Now You’re Just A Language that I Used to Know
This parody is dedicated to anyone who’s ever studied a language and then forgotten it. I have no video skills, so I decided to make it an audio recording.
Now and then I think of when we spoke together
Like when your sounds made me so happy I could die
I told myself that I would learn to speak
But couldn’t grasp your strange morphology
But that’s my brain and these are words I can’t remember
You can get restricted to a certain kind of vocab
Memorization of the list, always the list
So when I gave up on your paradigms
You said that I could still read in between the lines
But I’ll admit that I stopped opening the textbook
Happy Talk Like a Pirate Day folks! (Those in the Western US states may have a little longer to wait!).
The keyboard comes from the annual Language Log celebrations. There’s an amusing take on the history of this international day, and the pirate accent itself on Wikipedia. If you’re not so conversant in Pirate, try this handy translator!
"So, you’re a linguist? How many languages do you-"
"Linguistics? Seriously? But you can’t research languages-"
"So, how do you earn money with linguistics-"
"But Linguistics is useless-"
"Wow you must be a grammar na-"
Just in time for back to school, here are some tips for doing better on your linguistics assignments from someone who’s marked a few hundred of them over the years.
1. Read the question. The easiest mistake to fix: if the question says circle the error and fix it, make sure you do both, or if the question asks for three examples, make sure you give three and not two or four. If the question asks for a transcription, don’t give a translation, and so on. Before you pass something in, read it over to make sure the question and the answer match.
2. Use only the necessary words. In grade school, you may have been asked to answer in complete sentences. That doesn’t really matter anymore: what matters is that you show that you understand the material. Linguistics problem sets aren’t essay questions, so a short phrase may be totally sufficient.
3. Use the technical words that you’ve been learning (but don’t use the other ones you found on Wikipedia). Part of what you’re being tested on is your ability to use technical vocabulary, so you should say “transitive verb” instead of “an action word that has both a person who did the thing and a person who the thing is done to”.
welcome to harvard: linguistics 101
Is this reality?
I went to a class on English curse words once, it was pretty epic. The best part was when one student was giving a presentation and the Professor interrupted her, saying “stupid bitch” very loudly, shocking her into silence and cracking the rest of us up. It took him a few seconds until he realised how it came accross and he was quick to explain that he had just added an example to her argument.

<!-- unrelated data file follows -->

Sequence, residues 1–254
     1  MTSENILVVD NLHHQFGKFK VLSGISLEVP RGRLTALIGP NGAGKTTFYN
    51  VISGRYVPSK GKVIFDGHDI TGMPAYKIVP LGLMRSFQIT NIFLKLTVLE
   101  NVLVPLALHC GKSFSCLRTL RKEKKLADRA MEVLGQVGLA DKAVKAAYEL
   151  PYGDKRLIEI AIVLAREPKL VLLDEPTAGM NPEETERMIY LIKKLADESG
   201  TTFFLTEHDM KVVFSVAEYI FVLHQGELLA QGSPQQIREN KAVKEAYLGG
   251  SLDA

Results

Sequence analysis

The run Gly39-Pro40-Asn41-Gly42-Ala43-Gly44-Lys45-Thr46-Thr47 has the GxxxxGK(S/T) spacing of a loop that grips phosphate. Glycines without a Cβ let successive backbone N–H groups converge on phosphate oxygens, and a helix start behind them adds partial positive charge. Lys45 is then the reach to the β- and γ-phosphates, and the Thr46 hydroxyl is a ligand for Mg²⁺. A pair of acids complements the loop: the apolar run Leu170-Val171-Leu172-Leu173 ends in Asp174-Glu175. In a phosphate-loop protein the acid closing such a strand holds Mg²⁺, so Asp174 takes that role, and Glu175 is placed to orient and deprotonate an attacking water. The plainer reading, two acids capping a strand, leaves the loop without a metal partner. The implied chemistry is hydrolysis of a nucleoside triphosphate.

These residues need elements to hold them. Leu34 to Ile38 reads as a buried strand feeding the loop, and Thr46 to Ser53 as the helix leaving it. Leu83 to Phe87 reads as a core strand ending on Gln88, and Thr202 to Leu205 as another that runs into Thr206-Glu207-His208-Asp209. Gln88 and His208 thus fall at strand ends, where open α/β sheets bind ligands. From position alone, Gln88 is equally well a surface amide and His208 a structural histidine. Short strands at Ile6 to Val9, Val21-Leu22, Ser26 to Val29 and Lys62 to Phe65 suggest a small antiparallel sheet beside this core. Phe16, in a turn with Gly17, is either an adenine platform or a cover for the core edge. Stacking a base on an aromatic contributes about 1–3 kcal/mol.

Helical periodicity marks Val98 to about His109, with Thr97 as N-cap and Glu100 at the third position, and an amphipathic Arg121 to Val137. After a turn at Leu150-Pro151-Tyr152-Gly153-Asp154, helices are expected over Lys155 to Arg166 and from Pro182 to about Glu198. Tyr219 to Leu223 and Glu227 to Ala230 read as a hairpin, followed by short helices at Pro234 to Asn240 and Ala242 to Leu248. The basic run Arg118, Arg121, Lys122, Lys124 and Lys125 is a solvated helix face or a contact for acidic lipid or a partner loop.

Yeah, we were taught this in my linguistics class as well. The point was to illustrate that fluent speakers of a language know the correct way to modify a word even when they haven’t explicitly been taught the rule. Grammar rules even apply to making words which are, strictly speaking, grammatically incorrect. We have an intuition about what is valid.
So at 3:00 this morning
when i had not yet gone to bed but was instead going to deal with my 9th or 10th round of reslife shenanigansi hung up the phone and said ‘geez lou-fricking-weeze’, and it got me thinking about the infixation thing because ‘louise’ has the two vowel sounds in a row (ooh and eee), and a glide from ooh to eee is essentially what a w-sound is, but when i pronounce ‘louise’ out loud i don’t hear the w, i hear the two vowels. But, when i added the infix, it sounded really fricking weird to say ‘geez lou-fricking-eez’, so i added the w-sound back in. *shrug* thoughts anyone?
One of the problems with English “rules” that refer to syllabification is that English doesn’t have very clear syllable boundaries. So, when we have an infix, there is a lot of variability to where it can occur (on a segmental level).
Take the word “balance”:
- ba - lance
- bal - ance
- bal - lance
All three of those options are native judgments for where the syllable boundary could occur. The third option, however seems to be split down the middle of the [l], or duplicates it or something.
I think that’s probably what’s happening in “geez louise”, where “louise” is difficult to split into syllables because of the glide (like the liquid in “balance”).
- lou - ise
- lou - uise
I suspect that there isn’t a [w] in the word, but rather there are two vowel-to-vowel transitions, and the syllable boundary occurs in the middle of a transition, giving the impression of a consonant glide.
But this is something important to think about: what does it mean that there is or isn’t a consonant glide there? Would it sound differently? Or would it be represented different in the mind? How can we tell?
"One morning, I shot an elephant in my pyjamas. How he got into my pyjamas, I’ll never know"
The Groucho Marx joke explained.
The trees and explanations of them are simplified.
I used this website to create the syntax trees. It’s really useful.
An NP is a noun phrase. It’s a noun (e.g. elephant) and everything that goes with it.
A PP is a prepositional phrase. It’s a preposition (e.g. in) and everything that goes with it.
Groucho Marx seems to have been fond of jokes that depend on modifier ambiguity, since there’s also:
Outside of a dog, a book is a man’s best friend. Inside a dog, it’s too dark to read.
She got her looks from her father. He’s a plastic surgeon.
A child of five would understand this. Someone fetch a child of five.
From TOWN with Nicholas Crane - Series 2 Episode 3 Huddersfield
It’s great to hear a dialect of your own native language in your own native country as if it were a foreign language - it keeps you curious and fights off the tendency to take your own language for granted!